It is one of the rarest and most obscure releases of Sega’s Genesis era, to a point where many collectors even doubt its existence. It spearheaded a promotional campaign that somehow failed to manifest in the Western market, only to appear in the unlikeliest of places. And it was part of a movement that was considered back in its day to fundamentally change gaming itself, a game that pretty much vaporized like the entirety of its genre eventually would. This is the story of whatever became of an almost mythical, Brazilian exclusive release: The 32X CD version of the FMV rail shooter Surgical Strike.
For some gamers in the current day and age, it might seem odd that someone would want to shine a spotlight on an obscure port of an unremarkable game, from an unpopular genre, and released on a failed platform; especially since nowadays, the originally released Sega CD release of Surgical Strike seems more like a footnote in the much derided FMV genre. It is a very peculiar combination of events, however, of failed expectations, unrealized plans and unexpected circumstances that make Surgical Strike for the 32X CD a game of special interest, an artifact of the mid-’90s gaming landscape, a side branch of an era that promised so much, but somehow never left a lasting impression.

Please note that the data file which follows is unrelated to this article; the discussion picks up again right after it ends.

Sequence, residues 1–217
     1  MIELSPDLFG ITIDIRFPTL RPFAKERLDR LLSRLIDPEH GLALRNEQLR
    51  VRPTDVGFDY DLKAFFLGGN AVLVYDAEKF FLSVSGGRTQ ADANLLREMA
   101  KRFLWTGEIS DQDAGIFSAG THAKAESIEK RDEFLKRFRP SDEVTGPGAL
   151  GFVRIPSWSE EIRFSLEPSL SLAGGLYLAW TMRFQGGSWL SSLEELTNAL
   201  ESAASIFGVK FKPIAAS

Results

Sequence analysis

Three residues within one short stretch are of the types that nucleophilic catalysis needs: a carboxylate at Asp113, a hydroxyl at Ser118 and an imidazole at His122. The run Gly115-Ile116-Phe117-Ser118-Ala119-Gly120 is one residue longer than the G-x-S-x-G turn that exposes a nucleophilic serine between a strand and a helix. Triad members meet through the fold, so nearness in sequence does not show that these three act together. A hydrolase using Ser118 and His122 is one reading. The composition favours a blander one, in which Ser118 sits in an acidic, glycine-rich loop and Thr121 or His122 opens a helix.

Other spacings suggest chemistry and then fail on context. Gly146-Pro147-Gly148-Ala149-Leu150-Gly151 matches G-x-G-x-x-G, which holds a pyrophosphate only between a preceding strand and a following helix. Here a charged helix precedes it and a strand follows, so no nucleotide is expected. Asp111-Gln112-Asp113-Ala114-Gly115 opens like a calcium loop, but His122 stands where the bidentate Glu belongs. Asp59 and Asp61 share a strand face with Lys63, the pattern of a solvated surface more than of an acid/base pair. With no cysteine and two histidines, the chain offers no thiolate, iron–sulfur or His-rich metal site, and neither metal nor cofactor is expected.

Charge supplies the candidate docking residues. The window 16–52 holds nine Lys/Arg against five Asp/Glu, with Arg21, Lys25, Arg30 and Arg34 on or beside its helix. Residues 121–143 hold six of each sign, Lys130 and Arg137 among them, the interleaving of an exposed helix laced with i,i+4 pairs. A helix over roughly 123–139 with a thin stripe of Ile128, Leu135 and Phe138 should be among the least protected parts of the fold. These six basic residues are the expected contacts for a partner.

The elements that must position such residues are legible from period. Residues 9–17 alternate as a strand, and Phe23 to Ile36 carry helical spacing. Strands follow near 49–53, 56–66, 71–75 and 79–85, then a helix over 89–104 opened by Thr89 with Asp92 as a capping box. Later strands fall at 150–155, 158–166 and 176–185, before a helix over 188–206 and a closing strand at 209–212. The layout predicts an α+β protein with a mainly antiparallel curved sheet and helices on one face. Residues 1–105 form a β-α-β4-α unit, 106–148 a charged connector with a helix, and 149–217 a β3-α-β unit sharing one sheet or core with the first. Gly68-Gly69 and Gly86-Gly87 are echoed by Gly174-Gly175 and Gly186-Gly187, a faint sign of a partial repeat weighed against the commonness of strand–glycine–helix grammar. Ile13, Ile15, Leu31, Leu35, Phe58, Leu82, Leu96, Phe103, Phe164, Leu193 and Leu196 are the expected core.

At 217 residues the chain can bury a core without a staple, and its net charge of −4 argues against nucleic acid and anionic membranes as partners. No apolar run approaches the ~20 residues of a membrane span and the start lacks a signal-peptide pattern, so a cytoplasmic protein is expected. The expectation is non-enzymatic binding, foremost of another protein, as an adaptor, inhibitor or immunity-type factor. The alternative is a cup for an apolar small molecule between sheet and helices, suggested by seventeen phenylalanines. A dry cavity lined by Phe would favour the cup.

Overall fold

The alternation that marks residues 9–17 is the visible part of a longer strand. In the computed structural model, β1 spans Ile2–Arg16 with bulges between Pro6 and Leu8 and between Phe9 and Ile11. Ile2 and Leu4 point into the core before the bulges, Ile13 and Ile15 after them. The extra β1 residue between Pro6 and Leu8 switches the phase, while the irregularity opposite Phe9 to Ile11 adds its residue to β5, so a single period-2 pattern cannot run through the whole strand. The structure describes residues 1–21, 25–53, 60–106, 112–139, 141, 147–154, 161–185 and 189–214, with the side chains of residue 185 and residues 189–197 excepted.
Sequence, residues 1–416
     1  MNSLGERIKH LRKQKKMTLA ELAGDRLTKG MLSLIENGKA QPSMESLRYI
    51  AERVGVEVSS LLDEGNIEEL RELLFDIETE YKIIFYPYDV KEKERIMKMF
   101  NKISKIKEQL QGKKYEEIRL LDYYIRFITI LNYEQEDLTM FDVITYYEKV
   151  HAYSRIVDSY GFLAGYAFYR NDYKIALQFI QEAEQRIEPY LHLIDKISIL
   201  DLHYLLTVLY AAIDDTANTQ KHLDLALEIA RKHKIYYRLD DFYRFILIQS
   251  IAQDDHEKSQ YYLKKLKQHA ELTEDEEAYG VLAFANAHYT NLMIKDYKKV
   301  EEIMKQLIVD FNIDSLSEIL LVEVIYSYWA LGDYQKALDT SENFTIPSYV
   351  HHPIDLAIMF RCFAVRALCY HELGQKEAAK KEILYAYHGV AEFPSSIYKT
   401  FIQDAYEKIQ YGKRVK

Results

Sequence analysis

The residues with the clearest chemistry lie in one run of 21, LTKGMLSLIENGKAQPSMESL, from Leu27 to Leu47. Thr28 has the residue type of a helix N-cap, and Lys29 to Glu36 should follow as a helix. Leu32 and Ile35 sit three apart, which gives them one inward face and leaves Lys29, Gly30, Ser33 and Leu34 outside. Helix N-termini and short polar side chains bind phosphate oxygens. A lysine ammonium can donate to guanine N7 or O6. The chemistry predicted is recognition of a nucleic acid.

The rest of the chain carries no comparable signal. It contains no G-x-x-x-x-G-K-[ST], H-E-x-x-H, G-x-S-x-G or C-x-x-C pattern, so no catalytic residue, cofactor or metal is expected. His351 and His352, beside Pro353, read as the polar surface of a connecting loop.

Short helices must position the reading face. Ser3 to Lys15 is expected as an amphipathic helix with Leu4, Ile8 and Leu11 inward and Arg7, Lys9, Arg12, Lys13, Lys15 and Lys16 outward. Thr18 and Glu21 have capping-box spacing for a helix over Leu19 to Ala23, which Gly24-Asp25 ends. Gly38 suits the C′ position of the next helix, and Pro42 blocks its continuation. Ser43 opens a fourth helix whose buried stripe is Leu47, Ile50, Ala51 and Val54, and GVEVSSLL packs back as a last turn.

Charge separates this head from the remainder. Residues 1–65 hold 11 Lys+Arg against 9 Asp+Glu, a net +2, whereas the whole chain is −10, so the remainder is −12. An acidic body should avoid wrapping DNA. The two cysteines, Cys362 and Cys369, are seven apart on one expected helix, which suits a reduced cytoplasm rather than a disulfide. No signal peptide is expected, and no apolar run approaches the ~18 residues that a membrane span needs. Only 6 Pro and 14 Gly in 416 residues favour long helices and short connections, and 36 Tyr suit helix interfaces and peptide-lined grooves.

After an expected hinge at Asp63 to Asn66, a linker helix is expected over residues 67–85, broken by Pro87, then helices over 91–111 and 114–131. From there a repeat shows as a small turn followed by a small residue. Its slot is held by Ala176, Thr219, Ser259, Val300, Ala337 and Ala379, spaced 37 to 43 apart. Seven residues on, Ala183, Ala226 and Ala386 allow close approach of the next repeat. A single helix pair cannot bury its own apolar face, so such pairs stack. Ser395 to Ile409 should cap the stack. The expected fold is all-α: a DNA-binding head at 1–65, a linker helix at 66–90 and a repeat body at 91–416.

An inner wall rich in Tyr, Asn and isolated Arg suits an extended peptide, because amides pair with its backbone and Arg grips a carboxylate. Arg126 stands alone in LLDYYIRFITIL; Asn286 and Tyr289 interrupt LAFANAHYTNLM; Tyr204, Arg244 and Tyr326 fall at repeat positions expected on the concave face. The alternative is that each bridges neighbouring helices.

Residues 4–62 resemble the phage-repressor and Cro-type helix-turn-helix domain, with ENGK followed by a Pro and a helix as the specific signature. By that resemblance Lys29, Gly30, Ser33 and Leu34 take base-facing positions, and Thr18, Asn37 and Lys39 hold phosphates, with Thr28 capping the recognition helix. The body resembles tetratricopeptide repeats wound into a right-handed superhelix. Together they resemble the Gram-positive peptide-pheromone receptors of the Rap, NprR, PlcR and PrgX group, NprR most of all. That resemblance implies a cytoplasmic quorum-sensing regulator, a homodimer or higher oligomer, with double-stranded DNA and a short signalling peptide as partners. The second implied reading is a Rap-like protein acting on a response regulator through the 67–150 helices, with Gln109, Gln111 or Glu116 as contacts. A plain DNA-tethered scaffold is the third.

For many years, all that was known about the game was a photograph of some banged-up box and a short video clip of someone showing what appeared to be a 32X CD. Over the years, only two collectors had stepped forward claiming to own a copy of the game, and one of them sadly passed away, with the whereabouts of his copy remaining unknown. Now, with this article, we try to dig deeper and uncover more information about this particular obscurity.
The Best Laid Plans of Mice and Men…